When our queries are thwarted and we resort to freedom-of-information requests, we have been routinely denied the information and told there are privacy issues. Other jurisdictions have conquered that base canard, but British Columbia has taken a unique and restrictive position on the matter.

One of our reporters wrote me this week to say, in part: “The lack of factual information makes it impossible to really present a full picture to the public of what is happening in the pandemic—who is getting sick and how/why and what has happened in the most serious situations. Especially in local areas.”

She added: “The queries I get from the public tell me that this is information the public wants. Citizens aren't children. They have the right to this information in order to both assess their own degree of risk and behaviour and to assess whether government policies and actions are appropriate.”

Some of our editors provided examples of the deficiencies worth noting:

  • Our Bowen Island publication has yet to be told officially, one year into the health crisis, whether there have been any COVID-19 cases there. Its data is combined with that of West Vancouver.
     
  • Our Delta publication cannot get distinct COVID-19 numbers for such specific locations as North Delta, Tsawwassen and Ladner or of the ages of those with coronavirus.
     
  • Our Whistler publication asks each week for coronavirus numbers for the community. Only twice in the year has it received the information in time for its weekly newspaper deadline. During the recent serious outbreak, this data was constantly outdated.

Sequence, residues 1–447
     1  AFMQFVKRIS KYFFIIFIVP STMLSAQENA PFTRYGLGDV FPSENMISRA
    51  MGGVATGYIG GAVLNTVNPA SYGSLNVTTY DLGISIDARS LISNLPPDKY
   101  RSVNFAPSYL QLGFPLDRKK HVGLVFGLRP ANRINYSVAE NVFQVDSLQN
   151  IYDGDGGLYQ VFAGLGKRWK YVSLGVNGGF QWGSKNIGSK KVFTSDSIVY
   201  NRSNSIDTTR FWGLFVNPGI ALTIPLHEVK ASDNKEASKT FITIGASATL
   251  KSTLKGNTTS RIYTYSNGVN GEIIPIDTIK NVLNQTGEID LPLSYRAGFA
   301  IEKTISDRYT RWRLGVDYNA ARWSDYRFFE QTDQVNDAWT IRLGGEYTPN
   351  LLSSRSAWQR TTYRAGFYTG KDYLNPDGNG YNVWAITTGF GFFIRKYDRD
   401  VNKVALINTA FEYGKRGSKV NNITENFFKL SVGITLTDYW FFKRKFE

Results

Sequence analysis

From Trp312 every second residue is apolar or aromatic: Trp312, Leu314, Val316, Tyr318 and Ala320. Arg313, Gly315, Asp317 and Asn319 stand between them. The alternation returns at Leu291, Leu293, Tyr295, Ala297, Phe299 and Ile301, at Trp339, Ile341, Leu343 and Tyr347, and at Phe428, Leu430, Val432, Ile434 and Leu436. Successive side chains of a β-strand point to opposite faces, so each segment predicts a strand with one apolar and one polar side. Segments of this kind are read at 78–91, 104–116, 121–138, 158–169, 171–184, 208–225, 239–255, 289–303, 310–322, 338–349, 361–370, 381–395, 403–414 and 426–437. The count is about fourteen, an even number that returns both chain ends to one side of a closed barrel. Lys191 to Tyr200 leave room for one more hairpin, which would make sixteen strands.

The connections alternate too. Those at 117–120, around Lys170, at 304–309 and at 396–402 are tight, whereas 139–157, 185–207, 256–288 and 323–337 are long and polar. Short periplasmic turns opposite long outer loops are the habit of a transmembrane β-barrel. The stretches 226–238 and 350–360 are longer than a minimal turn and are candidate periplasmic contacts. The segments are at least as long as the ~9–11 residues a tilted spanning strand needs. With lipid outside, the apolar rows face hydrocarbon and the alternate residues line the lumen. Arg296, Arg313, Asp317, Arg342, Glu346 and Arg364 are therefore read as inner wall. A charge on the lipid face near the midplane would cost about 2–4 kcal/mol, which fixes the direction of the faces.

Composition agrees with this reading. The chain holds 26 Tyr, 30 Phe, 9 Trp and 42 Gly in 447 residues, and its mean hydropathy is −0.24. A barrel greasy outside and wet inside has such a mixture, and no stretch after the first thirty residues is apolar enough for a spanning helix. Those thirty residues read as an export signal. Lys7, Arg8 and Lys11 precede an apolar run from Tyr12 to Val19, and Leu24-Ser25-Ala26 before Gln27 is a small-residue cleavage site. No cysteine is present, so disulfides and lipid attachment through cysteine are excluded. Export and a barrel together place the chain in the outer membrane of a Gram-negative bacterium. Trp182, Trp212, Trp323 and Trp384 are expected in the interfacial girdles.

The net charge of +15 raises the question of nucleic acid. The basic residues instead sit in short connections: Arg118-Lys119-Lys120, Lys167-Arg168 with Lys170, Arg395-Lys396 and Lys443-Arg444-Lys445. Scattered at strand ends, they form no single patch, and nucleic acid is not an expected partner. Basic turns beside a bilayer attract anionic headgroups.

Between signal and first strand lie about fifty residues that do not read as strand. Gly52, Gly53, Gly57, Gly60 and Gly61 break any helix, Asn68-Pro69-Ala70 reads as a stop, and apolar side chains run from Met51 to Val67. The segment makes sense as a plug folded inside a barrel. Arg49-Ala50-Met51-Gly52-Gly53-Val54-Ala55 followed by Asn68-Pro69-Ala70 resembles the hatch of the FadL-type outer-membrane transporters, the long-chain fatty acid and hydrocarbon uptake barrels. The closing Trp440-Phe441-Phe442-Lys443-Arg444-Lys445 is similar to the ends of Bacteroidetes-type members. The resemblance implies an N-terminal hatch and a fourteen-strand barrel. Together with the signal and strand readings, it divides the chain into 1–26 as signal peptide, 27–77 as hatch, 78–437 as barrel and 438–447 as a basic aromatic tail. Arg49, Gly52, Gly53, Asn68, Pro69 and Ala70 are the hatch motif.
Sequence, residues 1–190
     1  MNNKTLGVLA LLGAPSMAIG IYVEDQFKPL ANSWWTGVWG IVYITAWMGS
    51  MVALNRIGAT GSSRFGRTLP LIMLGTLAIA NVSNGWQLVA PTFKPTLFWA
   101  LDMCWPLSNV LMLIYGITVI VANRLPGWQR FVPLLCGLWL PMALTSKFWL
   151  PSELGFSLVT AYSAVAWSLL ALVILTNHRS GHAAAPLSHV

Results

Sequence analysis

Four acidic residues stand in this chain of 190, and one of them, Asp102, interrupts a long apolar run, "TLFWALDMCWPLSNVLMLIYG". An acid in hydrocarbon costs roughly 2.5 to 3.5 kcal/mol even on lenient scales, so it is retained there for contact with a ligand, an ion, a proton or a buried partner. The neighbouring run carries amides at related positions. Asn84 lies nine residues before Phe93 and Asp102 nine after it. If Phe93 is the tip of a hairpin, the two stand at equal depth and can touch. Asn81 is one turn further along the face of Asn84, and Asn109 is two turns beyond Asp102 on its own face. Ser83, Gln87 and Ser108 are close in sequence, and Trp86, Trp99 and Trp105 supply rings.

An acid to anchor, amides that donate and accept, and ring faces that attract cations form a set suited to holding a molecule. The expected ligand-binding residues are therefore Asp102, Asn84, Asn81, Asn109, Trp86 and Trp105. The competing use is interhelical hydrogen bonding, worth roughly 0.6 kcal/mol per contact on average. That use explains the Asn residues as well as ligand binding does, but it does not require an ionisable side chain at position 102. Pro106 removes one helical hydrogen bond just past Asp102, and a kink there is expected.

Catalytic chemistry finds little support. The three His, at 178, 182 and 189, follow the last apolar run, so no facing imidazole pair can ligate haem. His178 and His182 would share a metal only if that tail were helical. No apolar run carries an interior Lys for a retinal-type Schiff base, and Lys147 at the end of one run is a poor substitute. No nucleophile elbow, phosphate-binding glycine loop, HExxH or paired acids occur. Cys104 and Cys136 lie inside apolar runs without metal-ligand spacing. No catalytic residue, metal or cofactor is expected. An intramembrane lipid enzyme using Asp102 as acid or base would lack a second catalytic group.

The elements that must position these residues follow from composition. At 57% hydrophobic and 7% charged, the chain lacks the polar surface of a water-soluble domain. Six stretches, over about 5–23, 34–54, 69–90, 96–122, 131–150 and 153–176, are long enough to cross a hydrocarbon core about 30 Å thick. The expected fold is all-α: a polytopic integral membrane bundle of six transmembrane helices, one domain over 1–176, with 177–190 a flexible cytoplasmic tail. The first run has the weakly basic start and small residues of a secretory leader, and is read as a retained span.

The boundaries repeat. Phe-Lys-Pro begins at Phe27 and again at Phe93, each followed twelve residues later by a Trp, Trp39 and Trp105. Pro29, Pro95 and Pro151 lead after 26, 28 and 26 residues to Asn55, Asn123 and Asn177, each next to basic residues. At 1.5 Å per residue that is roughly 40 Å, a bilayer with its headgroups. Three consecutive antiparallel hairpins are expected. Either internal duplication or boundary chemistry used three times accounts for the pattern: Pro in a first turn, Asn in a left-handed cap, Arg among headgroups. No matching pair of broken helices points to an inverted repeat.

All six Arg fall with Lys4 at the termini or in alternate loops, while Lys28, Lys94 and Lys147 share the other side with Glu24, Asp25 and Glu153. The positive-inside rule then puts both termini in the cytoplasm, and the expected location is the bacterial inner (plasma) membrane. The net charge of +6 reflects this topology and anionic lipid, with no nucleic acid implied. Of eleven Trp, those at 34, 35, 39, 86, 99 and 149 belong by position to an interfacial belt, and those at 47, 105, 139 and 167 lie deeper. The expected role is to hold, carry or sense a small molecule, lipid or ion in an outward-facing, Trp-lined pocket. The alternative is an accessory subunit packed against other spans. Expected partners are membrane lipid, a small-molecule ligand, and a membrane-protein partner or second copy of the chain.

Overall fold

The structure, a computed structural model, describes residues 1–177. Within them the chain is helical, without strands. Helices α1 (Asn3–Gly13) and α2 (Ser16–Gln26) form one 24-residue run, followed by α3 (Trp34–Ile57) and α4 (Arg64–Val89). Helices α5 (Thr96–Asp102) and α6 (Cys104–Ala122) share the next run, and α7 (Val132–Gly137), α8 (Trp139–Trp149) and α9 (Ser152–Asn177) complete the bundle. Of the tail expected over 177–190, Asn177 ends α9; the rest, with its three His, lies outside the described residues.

• Our North Shore publication, during the outbreaks in care homes last spring, could not get the number of COVID-19 cases in them in a timely manner. It was provided information on the most recent hospital outbreak only a month later. To date it is not informed on how many infected patients are admitted to hospital or where they are from.
     
  • Our Interior publication said it took a local doctor and the mayor at Sun Peaks to provide basic information on case counts at the resort. The health authority refused to provide numbers because an outbreak has not been declared formally. Until December, regional case data was broken into four regions within the Interior, a region larger than most European countries.
     
  • Our Sunshine Coast publication learned without any official notice that several vaccination clinics had without warning been closed and were centralized in Sechelt in the region.

As the British Columbia media outlet with the largest online and print audience, we are prepared to help the province furnish comprehensive, coherent information amid record caseloads and a frustrating third wave.

But the onus is on this government to do what individuals and businesses have done in the pandemic – to “pivot” its approach, to trust the public and media with information to achieve a better health outcome. We welcome an immediate dialogue on this urgent matter.

Kirk LaPointe is publisher and editor-in-chief of Business in Vancouver and vice-president, editorial, of Glacier Media.